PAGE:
You've Seen Me

heisenbergchronicles:

Q: You opted to kill Walt, definitively closing the door on his story. But you left it open for Saul by letting him live. At the time, you knew there was going to be a Saul spin-off. When you guys were deciding the fates of Saul and others, were you thinking about the spin-off?
A - Vince: That’s a good question, and on the face of it, it would certainly read like we were being strategic in our thinking, if not mercenary, to ensure that Saul Goodman stayed alive because we had already talked publicly about our desire to do a Better Call Saul spin-off. Having said that, in those final months and weeks of breaking the end of the Breaking Bad story, anything and everything was fair game and open for discussion. We talked a great many times about killing off Saul and we were open to it. We would have done whatever it took to come up with the best, most satisfying ending to Breaking Bad, including killing off Saul. But the more we talked about it, the more we thought, “You know, we don’t necessarily want the end of this series to be a bloodbath.” At one point, we talked about killing off every major character, and one particularly dark week along the way we talked about killing everybody — having some sort of Wild Bunch bloodbath of an ending. But you live with those ideas for a while and you think, “What do we need to kill all these characters for?” Just because an ending is dramatic or perhaps overly dramatic does not ensure that it will be satisfying.” We thought to ourselves, “Let’s just go with what feels right to us.” And there’s no mathematics to this. You just have to feel your way through it blindly and go with your gut, and that’s what we did. And in the case of Saul, we thought to ourselves, “Saul Goodman is kind of like a cockroach, in the sense that he’s probably going to survive all nuclear wars and he’ll still be out there somewhere after mankind has become extinct. He’s a survivor and therefore it’d be weird if he didn’t survive. Walter White, on the other hand, got a death sentence in the first act of the very first episode. It would be less than satisfying perhaps if he didn’t die at the end of the whole thing.”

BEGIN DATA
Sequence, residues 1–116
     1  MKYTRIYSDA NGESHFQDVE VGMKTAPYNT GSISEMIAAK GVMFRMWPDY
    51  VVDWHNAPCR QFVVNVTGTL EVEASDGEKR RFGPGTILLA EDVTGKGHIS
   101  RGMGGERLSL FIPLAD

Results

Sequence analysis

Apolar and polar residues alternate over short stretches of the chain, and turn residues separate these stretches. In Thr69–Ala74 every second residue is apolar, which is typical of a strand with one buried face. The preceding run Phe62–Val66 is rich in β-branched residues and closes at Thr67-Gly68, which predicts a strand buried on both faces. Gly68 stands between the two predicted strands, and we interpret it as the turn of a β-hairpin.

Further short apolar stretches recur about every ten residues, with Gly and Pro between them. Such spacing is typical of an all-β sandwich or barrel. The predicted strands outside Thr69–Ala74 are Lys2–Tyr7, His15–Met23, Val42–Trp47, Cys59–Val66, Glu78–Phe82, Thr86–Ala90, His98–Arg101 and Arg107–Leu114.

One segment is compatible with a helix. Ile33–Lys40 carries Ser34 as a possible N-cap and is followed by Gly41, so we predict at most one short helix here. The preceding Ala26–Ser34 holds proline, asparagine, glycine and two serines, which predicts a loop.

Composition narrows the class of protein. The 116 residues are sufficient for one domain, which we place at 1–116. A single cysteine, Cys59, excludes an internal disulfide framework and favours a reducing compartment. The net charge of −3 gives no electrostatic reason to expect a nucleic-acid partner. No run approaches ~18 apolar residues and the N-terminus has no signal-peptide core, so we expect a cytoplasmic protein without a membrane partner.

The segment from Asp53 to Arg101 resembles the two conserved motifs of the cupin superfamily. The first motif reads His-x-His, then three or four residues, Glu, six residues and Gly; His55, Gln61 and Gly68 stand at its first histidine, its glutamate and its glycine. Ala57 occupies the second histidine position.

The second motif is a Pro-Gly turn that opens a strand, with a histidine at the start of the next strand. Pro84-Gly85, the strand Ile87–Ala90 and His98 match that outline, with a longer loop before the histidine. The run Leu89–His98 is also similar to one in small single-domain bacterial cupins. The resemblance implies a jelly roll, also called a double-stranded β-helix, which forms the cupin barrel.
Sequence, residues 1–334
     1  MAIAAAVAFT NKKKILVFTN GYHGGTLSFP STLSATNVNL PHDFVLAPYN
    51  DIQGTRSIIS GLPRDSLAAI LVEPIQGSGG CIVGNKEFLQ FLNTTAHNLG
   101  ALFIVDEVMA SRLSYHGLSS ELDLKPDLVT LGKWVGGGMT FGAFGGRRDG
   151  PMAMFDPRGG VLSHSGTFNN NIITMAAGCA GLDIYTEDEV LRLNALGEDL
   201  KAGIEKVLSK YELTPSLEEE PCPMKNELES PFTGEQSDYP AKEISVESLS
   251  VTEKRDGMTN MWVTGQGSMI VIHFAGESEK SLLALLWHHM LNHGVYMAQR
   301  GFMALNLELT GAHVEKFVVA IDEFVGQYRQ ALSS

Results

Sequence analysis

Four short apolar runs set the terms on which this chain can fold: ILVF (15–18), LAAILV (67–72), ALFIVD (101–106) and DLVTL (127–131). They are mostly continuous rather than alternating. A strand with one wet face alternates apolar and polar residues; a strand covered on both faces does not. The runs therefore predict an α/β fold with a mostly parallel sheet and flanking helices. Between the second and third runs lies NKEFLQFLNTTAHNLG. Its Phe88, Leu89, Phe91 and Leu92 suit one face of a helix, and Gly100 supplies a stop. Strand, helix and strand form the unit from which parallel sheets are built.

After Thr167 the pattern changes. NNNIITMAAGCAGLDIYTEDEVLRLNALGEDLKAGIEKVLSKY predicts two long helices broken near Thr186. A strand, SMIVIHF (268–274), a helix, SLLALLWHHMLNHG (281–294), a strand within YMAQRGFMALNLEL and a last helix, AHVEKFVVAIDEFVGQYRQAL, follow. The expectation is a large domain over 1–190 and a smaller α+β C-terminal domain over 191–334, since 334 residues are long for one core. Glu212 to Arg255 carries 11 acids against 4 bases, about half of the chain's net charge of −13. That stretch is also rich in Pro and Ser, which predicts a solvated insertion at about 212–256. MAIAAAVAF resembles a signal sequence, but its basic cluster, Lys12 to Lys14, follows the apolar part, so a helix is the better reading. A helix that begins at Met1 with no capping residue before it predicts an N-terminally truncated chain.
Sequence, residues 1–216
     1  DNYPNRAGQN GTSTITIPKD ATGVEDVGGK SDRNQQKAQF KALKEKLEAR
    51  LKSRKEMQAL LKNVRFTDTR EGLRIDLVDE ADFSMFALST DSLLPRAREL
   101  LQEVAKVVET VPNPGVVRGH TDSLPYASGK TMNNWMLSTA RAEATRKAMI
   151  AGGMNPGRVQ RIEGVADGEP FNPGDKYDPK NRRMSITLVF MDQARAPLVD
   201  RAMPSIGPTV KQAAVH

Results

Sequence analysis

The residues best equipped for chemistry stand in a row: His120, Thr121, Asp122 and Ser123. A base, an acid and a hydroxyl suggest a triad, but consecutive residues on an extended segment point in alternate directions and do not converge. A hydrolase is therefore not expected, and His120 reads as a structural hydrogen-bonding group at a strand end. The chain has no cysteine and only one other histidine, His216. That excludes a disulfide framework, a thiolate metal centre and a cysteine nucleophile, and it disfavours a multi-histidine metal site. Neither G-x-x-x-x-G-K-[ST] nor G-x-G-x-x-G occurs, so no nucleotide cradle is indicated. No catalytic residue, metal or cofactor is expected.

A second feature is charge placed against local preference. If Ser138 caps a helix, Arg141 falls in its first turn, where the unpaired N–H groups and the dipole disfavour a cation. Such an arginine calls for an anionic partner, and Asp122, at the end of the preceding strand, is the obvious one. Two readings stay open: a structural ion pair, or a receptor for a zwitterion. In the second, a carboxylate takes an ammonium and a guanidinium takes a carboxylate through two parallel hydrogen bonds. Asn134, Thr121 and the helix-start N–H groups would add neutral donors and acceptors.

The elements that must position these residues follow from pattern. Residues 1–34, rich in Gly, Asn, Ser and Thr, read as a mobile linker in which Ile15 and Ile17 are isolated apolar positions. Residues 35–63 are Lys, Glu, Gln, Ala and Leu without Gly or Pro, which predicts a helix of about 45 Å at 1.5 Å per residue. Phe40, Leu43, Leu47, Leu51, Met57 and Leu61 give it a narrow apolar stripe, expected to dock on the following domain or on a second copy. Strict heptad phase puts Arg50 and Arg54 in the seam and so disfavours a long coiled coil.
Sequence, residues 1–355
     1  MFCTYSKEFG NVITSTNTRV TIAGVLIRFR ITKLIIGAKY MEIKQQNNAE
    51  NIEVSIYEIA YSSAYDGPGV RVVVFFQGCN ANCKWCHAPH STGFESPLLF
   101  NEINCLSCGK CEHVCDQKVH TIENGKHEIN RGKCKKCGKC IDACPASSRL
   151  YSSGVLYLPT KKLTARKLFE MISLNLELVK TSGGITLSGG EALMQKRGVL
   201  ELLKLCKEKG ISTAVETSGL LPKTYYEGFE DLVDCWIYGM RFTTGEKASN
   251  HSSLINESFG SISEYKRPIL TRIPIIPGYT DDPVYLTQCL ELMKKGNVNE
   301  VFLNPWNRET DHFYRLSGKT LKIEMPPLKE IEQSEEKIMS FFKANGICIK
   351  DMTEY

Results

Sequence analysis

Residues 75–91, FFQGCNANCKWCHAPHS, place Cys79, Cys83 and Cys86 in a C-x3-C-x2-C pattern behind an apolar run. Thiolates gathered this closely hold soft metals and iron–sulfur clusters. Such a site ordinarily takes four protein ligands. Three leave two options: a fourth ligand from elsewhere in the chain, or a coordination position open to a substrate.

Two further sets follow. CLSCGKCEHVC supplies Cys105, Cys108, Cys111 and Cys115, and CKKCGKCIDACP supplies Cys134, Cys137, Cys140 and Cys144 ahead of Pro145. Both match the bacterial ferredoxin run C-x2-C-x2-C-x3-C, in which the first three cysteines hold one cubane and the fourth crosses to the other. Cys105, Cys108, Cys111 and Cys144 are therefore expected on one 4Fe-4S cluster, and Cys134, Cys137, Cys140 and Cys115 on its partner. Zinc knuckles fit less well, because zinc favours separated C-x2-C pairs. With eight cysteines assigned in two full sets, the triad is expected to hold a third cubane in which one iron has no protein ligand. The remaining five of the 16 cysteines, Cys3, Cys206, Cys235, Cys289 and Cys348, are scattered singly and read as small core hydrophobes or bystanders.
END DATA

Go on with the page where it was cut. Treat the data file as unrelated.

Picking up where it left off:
– from Vince Gilligan on crafting ‘Breaking Bad’ ending, his favorite finalean excellent new interview by Dan Snierson for Entertainment Weekly

Pinkman.

There must exist certain words in a certain specific order that can explain all of this.

Say you want this.

whiteterritory:

Writer’s Room And A Glimpse At Storylines Not Pursued

hankrschrader:

That kid hates my guts, despises me.

highgayden:

"I just…I just realized that Lydia has the names I can get ‘em from her. I’m sorry Mike. This, this whole thing could’ve been avoided."

"Shut the fuck up and let me die in peace.”

A combination of red and white, pink contains the need for action of red, helping it to achieve the potential for success and insight offered by white. It is the passion and power of red softened with the purity, openness and completeness of white. The deeper the pink, the more passion and energy it exhibits.

i lost my i n n o c e n c e today [x]

Go watch the transformation that has been thrilling America!

As many of you know, I have a background as a chemistry teacher. I’ve come to realize that much of what I teach my students applies not only to what goes on in the classroom, but in life also. It’s not as crazy as it sounds. You see, technically, chemistry is the study of matter, but I prefer to see it as the study of change: Electrons change their energy levels. Molecules change their bonds. Elements combine and change into compounds. But that’s all of life, right? It’s the constant, it’s the cycle. It’s solution, dissolution. Just over and over and over. It is growth, then decay, then transformation. It’s fascinating really. It’s a shame so many of us never take time to consider its implications.

pinksman:

  • gone
  • ruined
  • turn to shit
  • dead

pursuable:

Aaron Paul, Breaking Bad

Please tell me. How much is enough? How big does this pile have to be?